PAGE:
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the streets of cities ! Erceldoune's teeth ground together; when they met again it should be for shorter shrive and deadlier work.

You think him deeply guilty, Sirs, for this?-doubtless you do; but then you have not been shot down and left for dead in a ravine of the Principalities; if you were, and were brought face to face with your murderer afterwards, your present easy-chair untried ethics might Aush a darker hue, and you might know as keen a relish for “wild justice” as Fulke Erceldoune, who had found his own right arm do his work best for him in many a hard-fought aristeia.

The Monarch, with his head drooped and the steam reeking from his hot flanks, took his own course over the unknown ground, and, turning out of the thickets, paced down a long winding aisle of cedars; the night was perfectly still, nothing heard but the surging of the Bosphorus waters, nothing stirring save the incessant motion of the fire-flies, that sparkled over all the boughs with starry points of light. Erceldoune had no knowledge where he was, except that the sea was still beside him, and he let his horse take his own way. Suddenly, through the dark masses of the cedars, a light gleamed which came neither from the fire-fies nor from the moon, but from the Turkish lattice-work of a distant casement.

Was that where his foe had found covert? He jerked up the Monarch's drooping head with the curb, and urged him at a canter down the cedar-aisle, the noise of the hoofs muffled in the grass, that grew long and untrimmed, as though the wild luxuriance of the gardens had long been left untouched. Sultan's palace, Queen's serail, sacred Mosque, or Moslem harem, he swore to himself that he would break down its gates with the menace of England, and have his murderer delivered up to him, though he were surrounded by an Emir's eunuchs or harboured in the sanctuary of the Odà itself. For anything that he knew, the light might glitter from the dwelling where his enemy and all his gang had made stronghold, or the place might swarm with Mussulmans, who would think there was no holier service to Allah than to smite down the life of a Frank, or the latticed window might be that of a seraglio, into whose anderûn it was death for a man and a Giaour to enter. But these memories never weighed with Erceldoune ; he was armed, his blood was up, and if his assassin were sheltered there, all the might of Mahmoud, all the yataghans of Islam, should not serve to shield him.

A marble flight of steps ending the cedar-walk stopped the chesnut's passage ; above ran a sort of terrace, and on that terrace looked the few lattice casements allowed to a Turkish dwelling, whose light from within bad caught his eyes. He threw himself out of saddle, passed the bridle over a cedar-bough, and went on foot up the broad fight of terrace stairs. It was all still, and the place seemed too unguarded to argue it a Turk’s possession; it was more probably the present lair of his assassin, whom all indices tended to prove a man above the necessities of life, and most likely accustomed to its luxuries, by whatever means he got them. But Erceldoune's rifle was loaded; he had on him, too, the hunting-knife with which he had grallocked the hill deer with the science of the moors at home, that his man might find them on the morrow; and he went straight on-into the den of his assassins, as he believed. Foolhardy he was not-I never knew a man with real power to his elbow” and boldness in his blood who was—but he had found sinew and coolness serve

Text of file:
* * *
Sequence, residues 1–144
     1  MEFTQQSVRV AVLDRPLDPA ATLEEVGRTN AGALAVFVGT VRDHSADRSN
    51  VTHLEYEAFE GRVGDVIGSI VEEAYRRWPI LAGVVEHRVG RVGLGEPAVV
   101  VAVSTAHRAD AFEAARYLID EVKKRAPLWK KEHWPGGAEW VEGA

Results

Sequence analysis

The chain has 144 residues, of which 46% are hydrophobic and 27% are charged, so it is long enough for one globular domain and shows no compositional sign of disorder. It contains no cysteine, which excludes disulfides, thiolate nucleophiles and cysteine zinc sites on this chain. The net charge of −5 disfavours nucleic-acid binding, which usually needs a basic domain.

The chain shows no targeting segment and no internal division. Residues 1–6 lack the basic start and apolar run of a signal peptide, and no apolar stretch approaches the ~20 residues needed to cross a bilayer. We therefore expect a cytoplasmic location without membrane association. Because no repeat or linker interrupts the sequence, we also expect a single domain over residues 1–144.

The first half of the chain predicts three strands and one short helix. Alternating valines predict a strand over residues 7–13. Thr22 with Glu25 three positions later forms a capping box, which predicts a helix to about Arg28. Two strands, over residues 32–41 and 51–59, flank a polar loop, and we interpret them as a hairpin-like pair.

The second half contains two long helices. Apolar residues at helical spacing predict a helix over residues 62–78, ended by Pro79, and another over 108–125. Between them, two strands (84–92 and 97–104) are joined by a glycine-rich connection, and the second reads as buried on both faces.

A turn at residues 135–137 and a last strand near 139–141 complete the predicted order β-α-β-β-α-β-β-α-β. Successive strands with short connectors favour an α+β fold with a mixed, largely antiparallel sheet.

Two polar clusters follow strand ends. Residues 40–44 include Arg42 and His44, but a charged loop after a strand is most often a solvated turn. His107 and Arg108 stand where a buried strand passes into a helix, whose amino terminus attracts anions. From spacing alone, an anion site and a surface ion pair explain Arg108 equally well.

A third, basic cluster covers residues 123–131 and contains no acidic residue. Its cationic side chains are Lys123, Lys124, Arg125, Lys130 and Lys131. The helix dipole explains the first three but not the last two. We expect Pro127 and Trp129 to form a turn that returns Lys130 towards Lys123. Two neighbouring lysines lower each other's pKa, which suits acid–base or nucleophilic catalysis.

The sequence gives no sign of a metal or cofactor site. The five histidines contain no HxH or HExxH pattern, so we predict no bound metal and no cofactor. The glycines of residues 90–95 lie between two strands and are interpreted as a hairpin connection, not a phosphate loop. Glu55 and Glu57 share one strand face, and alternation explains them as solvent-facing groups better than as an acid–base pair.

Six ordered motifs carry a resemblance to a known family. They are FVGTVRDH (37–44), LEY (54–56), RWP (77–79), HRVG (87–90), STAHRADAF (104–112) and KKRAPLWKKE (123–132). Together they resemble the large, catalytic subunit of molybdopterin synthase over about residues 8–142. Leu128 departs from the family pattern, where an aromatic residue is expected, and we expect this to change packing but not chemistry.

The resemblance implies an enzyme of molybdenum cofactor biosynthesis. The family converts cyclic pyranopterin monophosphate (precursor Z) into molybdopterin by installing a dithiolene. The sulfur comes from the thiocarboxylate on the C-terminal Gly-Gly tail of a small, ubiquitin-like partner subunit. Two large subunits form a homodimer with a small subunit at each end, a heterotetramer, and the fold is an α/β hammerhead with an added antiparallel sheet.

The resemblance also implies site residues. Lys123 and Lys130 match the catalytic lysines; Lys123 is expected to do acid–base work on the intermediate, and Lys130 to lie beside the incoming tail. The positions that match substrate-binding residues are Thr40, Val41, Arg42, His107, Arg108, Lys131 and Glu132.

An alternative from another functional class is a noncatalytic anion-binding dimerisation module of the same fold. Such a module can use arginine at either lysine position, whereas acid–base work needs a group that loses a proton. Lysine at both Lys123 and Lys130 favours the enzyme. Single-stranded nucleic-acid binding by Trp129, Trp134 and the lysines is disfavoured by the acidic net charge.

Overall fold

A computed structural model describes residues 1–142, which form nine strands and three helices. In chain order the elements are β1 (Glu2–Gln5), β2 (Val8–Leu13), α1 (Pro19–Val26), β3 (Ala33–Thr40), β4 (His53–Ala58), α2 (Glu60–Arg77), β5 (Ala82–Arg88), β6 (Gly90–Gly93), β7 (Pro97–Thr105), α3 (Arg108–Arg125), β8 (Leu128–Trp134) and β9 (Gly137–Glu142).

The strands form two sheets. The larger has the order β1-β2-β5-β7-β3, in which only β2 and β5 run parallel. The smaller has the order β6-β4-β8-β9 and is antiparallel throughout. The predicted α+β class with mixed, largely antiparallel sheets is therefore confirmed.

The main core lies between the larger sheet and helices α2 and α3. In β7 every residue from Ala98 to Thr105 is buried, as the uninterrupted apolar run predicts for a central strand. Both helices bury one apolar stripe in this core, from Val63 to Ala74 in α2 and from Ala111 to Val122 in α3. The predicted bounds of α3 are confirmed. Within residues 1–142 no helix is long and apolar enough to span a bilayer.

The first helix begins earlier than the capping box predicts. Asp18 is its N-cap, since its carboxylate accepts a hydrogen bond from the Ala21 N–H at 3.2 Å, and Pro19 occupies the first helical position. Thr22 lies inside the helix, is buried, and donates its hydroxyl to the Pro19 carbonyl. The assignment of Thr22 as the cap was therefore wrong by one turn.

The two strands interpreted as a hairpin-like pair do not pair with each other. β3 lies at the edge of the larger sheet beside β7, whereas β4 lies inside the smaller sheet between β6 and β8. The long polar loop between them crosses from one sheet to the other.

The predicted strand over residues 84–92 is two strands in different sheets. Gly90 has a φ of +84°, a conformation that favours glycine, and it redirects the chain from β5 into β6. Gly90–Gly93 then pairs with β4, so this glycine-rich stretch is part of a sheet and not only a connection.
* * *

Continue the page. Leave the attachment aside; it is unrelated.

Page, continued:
him too well in many an avatar, East and West, not to have learned to trust to them, and he had resolved, moreover, to go through with this thing

He hurried on the terrace, laden with the scarlet blossoms of the trumpet-flower and japonica, and heavy with odours from the nyctanthus and musk-roses trailing over the stone ; the door stood open on to it, leading into the large court which forms the customary entrance of an Eastern house ; he paused a moment, and looked through ; there was only a dim light thrown on its marble walls and floor, and there was no sound but of the falling of the water into the central fountain. He passed the threshold, and entered, the clang of his step resounding on the variegated mosaic of the pavement; its own echo was the only sound which answered—for its stillness the place might have been deserted. But the court opened into a vast chamber beyond, flooded with a warm, mellow light, its dome-like ceiling wreathed with carved pomegranates, and another fountain was flinging its silvery shower upward from a white marble basin in the centre, while the fragrance of aloes wood filled the air from where it burned, like incense, in a brazier ;-a rich, soft picture, full of Eastern colouring. With his rifle in his hand, his white burnous flung behind him, and his single thought the passion which possessed him to unearth his foe, and have his hand upon his throat, Erceldoune swept aside the purple draperies, glowing with Tyrian dye, that partially shadowed the portico, and passed within the entrance of the chamber.

A woman rose from her couch in the distance, startled, yet with the proud grace of one who disdains to give its reins to fear—as a sovereign would rise were her solitude desecrated;--and he paused, his steps arrested and his passions silenced, as in ancient days he who came to slay in the deadliness of wrath, uncovered his head, and dropped his unsheathed sword, entering the holy shrine at whose altar his foe had taken sanctuary. His enemy was forgotten ;-he stood before Idalia.